Ms. Saira, tall and graceful, was an


inspiration to the other teachers. She
wanted to take up this challenge and find a
way to effectively reach Zain. She noticed
that criticism had made Zain obstinate and
rude. She decided to go about it
systematically. She set up a meeting with
his parents. It was then that she found out
that his parents were separated.
Seeing that Zain was good at
sports, she started to give his name to
participate in different games. No other
teacher had thought of encouraging Zain to
join a team formally because he lacked
discipline and may have created problems
in the team. But now, because of him, the
school won in cricket and the 100 meters
race in an inter-school competition. All the
students were awe-struck by his
performance and heartily cheered for him.
Zain was on cloud nine when he received
the trophy for his school!

Remembering Empowering Teachers

teacher meetings. I encouraged


competition among the girls. I tried anything
and everything to engage my students in
their own learning.

An Effective Teacher
By Shakila Bibi
I was appointed as subject
specialist in Civics at the Government Girls
Higher Secondary School Khanpur. There
were no English subject specialists in the
school, so the administration asked me to
teach English in addition to my own subject.
And thus I began teaching English.
I found that the girls lacked the skill
to even write a proper sentence. There
were one hundred and fifty students in 1st
year, most of them lacking basic English
language skills. I was aware that a lot of our
students don't do well in English as they
don't have a sound base. These girls
needed help in both spoken and written
English. I started with verb tenses and
instructed the girls to keep their dictionaries
handy so they can look up difficult words.

Teacher as Classroom Practitioner

The school principal was also


aware that the standard of English
language was not very high in our school.
She often talked to me about how our
students' record in English was not very
encouraging. This is a common problem in
our rural schools where English language
specialists are hard to find. I assured her
that it was a problem that could be solved.
I had a group of a hundred and fifty
students. I had to have discipline in the
classroom, yet keep a friendly atmosphere.
I also started from the basics of grammar so
they had a strong sense of the language to
build on. And I had to test them very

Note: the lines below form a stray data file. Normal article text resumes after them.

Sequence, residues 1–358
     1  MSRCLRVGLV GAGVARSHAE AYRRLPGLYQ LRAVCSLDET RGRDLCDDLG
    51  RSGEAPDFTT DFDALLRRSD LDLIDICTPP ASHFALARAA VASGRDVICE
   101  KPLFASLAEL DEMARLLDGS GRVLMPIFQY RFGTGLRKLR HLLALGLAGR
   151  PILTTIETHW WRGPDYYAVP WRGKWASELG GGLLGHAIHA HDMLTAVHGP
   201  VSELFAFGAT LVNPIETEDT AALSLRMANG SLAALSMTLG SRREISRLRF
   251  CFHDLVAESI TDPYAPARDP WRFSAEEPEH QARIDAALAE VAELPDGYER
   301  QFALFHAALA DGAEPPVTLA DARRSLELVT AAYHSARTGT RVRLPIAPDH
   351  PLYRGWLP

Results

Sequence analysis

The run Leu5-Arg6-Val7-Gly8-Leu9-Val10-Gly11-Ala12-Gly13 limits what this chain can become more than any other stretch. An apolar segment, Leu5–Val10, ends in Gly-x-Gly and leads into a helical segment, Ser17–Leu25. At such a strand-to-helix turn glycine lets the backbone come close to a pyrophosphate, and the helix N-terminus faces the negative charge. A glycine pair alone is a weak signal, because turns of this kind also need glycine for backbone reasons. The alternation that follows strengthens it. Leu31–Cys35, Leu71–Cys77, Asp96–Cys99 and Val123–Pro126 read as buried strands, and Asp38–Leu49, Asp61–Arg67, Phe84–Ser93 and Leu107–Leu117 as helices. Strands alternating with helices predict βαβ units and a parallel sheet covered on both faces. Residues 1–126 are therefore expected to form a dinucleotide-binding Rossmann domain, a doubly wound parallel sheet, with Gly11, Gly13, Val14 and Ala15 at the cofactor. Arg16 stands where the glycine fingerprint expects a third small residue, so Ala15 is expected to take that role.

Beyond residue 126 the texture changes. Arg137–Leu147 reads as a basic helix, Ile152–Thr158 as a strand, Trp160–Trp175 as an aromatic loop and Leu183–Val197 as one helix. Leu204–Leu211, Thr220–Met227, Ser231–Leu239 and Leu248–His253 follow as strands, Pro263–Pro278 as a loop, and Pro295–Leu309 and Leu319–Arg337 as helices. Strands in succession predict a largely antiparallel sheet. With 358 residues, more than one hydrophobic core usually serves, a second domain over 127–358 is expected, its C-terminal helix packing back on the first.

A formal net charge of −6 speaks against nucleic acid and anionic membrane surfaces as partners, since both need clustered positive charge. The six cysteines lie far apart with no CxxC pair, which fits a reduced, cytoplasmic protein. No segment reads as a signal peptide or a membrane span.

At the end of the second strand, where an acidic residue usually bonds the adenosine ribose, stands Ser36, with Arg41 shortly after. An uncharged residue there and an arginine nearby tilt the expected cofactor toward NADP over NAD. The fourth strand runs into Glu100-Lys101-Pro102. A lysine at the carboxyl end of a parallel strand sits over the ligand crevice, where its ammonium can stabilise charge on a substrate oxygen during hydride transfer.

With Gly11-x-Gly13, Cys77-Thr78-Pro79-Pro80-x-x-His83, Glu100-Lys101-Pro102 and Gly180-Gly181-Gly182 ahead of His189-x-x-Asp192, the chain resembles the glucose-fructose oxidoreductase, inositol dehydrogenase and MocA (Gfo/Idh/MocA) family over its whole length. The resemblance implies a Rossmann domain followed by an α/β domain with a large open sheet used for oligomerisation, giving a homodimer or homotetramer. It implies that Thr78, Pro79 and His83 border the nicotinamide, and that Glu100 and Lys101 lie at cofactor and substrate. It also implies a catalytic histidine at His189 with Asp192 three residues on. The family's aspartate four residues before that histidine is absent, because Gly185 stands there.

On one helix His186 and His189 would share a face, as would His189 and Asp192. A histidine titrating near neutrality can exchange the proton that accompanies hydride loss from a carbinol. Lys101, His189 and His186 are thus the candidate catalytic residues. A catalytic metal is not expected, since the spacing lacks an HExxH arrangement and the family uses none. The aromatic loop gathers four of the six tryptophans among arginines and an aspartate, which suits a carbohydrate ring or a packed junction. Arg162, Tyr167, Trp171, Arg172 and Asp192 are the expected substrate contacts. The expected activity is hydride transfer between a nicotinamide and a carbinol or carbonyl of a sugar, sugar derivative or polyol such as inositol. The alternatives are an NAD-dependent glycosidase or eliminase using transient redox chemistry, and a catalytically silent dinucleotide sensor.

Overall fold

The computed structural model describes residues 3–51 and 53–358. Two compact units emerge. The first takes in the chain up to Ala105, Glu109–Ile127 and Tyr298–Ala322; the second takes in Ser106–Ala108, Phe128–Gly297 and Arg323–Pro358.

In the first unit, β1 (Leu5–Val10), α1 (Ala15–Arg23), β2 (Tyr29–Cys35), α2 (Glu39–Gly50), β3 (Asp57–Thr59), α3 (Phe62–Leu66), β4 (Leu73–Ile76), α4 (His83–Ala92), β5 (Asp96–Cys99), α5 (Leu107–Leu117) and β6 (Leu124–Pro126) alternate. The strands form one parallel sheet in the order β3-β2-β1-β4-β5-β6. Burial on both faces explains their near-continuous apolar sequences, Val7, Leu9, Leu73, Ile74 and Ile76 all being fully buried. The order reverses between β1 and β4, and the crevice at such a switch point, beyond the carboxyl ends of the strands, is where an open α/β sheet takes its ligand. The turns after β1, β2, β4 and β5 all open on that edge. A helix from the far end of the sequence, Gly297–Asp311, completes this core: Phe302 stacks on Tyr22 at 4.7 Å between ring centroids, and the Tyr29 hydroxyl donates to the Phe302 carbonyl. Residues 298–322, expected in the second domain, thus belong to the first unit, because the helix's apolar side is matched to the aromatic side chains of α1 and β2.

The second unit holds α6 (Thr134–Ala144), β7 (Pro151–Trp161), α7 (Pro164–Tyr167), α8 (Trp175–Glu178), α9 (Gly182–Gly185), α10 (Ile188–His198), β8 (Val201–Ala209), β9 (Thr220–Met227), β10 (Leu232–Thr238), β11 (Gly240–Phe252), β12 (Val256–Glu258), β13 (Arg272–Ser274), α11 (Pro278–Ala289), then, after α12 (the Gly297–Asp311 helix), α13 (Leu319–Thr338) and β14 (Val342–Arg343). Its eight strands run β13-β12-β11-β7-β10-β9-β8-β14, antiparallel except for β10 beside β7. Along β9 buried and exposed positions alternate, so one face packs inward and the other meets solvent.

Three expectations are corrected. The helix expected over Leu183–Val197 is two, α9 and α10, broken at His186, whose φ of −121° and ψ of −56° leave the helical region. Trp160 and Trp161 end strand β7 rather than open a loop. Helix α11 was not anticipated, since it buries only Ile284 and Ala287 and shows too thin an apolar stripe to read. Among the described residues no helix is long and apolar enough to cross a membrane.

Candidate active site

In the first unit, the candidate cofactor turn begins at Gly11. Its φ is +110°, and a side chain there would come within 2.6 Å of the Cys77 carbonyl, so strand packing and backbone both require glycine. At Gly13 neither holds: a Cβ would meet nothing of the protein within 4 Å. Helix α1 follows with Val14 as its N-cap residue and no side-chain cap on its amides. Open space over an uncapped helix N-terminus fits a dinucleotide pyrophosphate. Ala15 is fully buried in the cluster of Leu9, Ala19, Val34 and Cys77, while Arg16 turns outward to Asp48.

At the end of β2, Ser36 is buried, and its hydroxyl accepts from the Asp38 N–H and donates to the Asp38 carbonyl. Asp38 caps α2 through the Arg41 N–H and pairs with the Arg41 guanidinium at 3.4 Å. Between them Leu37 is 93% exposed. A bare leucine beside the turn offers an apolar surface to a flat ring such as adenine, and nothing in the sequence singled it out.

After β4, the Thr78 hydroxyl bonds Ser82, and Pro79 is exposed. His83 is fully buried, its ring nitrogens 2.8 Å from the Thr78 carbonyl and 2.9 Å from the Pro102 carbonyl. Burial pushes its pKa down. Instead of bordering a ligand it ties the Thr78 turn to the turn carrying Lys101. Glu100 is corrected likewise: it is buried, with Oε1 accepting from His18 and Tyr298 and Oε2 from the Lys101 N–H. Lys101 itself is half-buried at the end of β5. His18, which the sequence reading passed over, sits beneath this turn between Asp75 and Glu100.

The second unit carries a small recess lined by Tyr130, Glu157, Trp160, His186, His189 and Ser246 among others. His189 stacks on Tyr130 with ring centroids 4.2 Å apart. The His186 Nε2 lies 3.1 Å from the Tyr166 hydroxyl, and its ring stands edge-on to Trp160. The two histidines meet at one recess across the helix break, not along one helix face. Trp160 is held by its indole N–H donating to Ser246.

frequently on small sections of the text or
syllabus to help them gain mastery over the
rules of grammar and the new vocabulary. I
had to be well prepared for class myself and
I had to keep throwing questions their way
to ensure that this class of a hundred and
fifty was not falling asleep. I set up parent

Slowly my students were starting to


show results. Their grades in the written
tests were improving as were their spoken
English skills.
I got further reassurance when an
inspection team came to school to monitor
children's progress in each subject. They
appreciated my efforts and commented on
my girls' English language skills. We were
getting some where.
Then the final test came. My girls
had their final exam. Classes had ended in
April to give students time to prepare for
their exams in May. On the day of their
exam, I waited outside their examination
hall. As they came out one by one, I saw
satisfaction on their faces as they walked
up to me and exclaimed, 'Ma'am the paper
was so easy!' These words meant all the
world to me!
Not only that, the children also
requested me to teach them English the
next year too!
This was the most
unforgettable moment of my life. I, who
wasn't even an English teacher had been
able to get results from these students.
The author of the story is a subject
specialist in History and Civics with Masters
degrees in International Relations and
Political Science in the North Western
Frontier Province

Remembering Empowering Teachers

Baby Steps to a Life's


Journey
By Atia Sarwat
Good, better, best never let them
rest, until the good is better and the better is
the best! When some one sows a seed he
anxiously waits for the first sprouts to
appear. If the result is more than one's
expectations, feelings of achievements
abound. I have tasted that feeling. Today I
feel that my life has a purpose.

During the initial period, many times


Sheharyar lost his confidence when other
students and local people targeted him with
cruel humor. I empowered Sheharyar to say
that there is no age limit to start reading. I
gave him an extra hour after school timings
to gain mastery over his syllabus because
my target was to promote him to the next
class soon. Shehryar and I succeeded. In a
few months he was sitting with second
graders.
Now understanding the basics of
language and math, Shehryar confidently
moved through classes three and four at a
good pace. He appeared in the class five
examination. He passed class five with